Obama can change this longstanding habit of forcing through the American for the role and get behind a really compelling candidate that is backed by a number of developing countries -- Ngozi Okonjo-Iweala, the Nigerean Finance Minister, a very strong woman with an amazing life story and incredible accomplishments.

 As Felix Salmon writes:

This really puts the pressure on the White House to knock it out of the park with their nomination, because Ngozi, in particular, is broadly regarded both within and outside the Bank as being pretty much perfect for the job. She’s a whip-smart economist, she’s honest, she’s imaginative, she’s dedicated, she’s expert at navigating the Bank’s labyrinthine bureaucracy and politics, and she’s passionate about the way that the Bank can really make the world a better place.
I was really struck by her TED video when she wrapped up a conference on Trade and Aid and talked about what she'd like to see for Africa. See that entire video for her excellent suggestions on how humanitarian aid, infrastructure and entrepreneurship can work together.

In the middle of all that there is a very moving passage where she talks about her own experience with aid.

   From 1967 to ’70, Nigeria fought a war: the Nigeria-Biafra war. And in the middle of that war, I was 14 years old… We were on the Biafran side. And we were down to eating one meal a day, running from place to place, but wherever we could help we did. At a certain point in time, in 1969, things were really bad. We were down to almost nothing in terms of a meal a day. People, children were dying of kwashiorkor. I’m sure some of you who are not so young will remember those pictures. Well, I was in the middle of it. In the midst of all this, my mother fell ill with a stomach ailment for two or three days. We thought she was going to die. My father was not there. He was in the army. So I was the oldest person in the house. My sister fell very ill with malaria. She was three years old and I was 15. And she had such a high fever. We tried everything. It didn’t look like it was going to work.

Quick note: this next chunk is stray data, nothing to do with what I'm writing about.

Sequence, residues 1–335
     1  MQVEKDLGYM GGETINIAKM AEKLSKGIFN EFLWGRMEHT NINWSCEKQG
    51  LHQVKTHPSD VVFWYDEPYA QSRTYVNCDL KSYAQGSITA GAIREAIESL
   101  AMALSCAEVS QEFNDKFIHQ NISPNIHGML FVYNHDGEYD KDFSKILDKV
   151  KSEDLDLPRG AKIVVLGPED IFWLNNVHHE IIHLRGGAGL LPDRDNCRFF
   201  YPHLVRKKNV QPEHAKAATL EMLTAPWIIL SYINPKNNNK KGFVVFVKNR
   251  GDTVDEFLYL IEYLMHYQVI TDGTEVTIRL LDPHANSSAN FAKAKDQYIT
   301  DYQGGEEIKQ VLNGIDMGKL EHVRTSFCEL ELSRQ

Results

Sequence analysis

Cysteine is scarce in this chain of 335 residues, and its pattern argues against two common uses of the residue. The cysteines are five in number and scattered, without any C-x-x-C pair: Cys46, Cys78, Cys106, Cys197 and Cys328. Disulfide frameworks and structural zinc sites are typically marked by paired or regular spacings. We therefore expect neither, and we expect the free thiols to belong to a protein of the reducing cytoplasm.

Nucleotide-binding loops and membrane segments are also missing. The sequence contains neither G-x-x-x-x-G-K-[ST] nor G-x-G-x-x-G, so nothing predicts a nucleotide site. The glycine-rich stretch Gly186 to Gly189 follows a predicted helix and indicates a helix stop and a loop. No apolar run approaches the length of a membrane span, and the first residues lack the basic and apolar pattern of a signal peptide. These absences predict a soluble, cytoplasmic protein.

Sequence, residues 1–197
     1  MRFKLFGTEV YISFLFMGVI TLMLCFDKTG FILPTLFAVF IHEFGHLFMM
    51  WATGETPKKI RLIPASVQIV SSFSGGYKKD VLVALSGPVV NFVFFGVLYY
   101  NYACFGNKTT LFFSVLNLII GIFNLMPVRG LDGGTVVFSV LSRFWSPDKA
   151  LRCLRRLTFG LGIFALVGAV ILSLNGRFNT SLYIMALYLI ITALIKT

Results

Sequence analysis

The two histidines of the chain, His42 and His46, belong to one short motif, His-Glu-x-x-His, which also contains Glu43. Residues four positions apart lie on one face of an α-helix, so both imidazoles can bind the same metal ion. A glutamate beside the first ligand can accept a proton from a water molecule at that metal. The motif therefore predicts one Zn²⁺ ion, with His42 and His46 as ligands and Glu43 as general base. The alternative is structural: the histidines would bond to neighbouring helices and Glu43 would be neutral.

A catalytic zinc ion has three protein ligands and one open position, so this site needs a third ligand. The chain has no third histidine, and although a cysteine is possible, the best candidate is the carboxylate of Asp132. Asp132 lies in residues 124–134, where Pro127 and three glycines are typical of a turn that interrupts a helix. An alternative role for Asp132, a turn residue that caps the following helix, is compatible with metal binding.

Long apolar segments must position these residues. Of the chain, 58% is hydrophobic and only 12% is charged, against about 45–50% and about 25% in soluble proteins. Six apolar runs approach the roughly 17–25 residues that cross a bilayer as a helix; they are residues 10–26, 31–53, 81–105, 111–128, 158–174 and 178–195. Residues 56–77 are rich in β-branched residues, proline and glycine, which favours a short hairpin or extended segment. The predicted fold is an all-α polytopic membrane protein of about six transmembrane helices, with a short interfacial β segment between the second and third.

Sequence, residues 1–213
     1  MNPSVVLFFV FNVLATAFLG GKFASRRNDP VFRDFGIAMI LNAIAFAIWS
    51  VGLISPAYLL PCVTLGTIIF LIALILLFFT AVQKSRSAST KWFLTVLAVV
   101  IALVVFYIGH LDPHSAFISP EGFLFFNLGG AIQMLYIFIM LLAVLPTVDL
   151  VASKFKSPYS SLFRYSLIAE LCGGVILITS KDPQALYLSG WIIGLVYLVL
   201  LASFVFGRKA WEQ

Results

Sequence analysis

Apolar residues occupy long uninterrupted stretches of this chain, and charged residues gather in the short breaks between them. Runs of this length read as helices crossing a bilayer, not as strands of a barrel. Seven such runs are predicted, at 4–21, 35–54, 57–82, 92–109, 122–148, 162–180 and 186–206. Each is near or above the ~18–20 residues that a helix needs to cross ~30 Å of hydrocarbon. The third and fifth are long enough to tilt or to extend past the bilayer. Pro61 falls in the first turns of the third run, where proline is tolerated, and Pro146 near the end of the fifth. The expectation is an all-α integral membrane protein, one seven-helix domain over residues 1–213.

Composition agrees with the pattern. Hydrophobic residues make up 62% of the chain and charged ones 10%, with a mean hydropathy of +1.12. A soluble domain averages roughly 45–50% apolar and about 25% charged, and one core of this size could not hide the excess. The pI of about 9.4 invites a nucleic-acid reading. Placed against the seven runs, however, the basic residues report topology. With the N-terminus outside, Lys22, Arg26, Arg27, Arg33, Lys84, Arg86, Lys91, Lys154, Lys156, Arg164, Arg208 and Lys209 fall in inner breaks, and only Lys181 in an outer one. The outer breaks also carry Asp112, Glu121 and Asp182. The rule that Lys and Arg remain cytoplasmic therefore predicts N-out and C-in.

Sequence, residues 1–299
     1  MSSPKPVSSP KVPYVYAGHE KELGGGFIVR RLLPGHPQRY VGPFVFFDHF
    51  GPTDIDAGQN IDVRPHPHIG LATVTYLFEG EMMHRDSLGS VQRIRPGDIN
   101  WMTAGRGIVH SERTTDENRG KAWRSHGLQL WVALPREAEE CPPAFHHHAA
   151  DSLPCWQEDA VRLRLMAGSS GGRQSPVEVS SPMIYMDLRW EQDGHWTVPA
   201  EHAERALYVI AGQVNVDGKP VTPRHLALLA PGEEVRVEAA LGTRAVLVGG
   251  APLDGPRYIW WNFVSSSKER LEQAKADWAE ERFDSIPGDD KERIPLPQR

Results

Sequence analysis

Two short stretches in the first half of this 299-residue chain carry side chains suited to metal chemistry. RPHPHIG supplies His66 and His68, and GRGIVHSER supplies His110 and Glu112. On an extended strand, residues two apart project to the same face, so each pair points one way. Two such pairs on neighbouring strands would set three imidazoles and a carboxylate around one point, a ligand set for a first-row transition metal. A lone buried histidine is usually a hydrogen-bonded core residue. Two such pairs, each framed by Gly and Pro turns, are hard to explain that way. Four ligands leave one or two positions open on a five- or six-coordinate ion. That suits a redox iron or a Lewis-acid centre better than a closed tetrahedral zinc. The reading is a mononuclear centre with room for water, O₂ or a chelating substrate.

Until we heard that 10 kilometers away there was a doctor, who was able … who was giving … looking at people and giving them meds. Now I put my sister on my back, burning, and I walked 10 kilometers with her strapped on my back. It was really hot. I was very hungry. I was scared because I knew her life depended on my getting to this woman. We heard there was a woman doctor who was treating people. I walked 10 kilometers, putting one foot in front of the other. I got there and I saw huge crowds. Almost a thousand people were there, trying to break down the door. She was doing this in a church. How was I going to get in? I had to crawl in between the legs of these people with my sister strapped on my back, find a way to a window. And while they were trying to break down the door, I climbed in through the window, and jumped in. This woman told me it was in the nick of time. By the time we jumped into that hall, she was barely moving. She gave a shot of her chloroquine, what I learned was the chloroquine, then gave her some, it must have been a re-hydration, and some other therapies, and put us in a corner. In about two to three hours, she started to move. And then, they toweled her down because she started sweating, which was a good sign. And then my sister woke up. And about five or six hours later, she said we could go home. I strapped her on my back. I walked the 10 kilometers back and it was the shortest walk I ever had. I was so happy that my sister was alive. Today, she’s 41 years old, a mother of three, and she’s a physician saving other lives.

What an amazing story ... take that Katniss Everdeen!

Even tho' its a really an uphill battle for Ngozi given that the Capital seems to have staked out its claim I still hope for an improbable win by the Districts!

Maybe Barack Obama, even at the risk of being branded a Kenyan anti-colonialist, you  will surprise us by changing this custom of forcing an American on the World Bank? Some real change with Ngozi?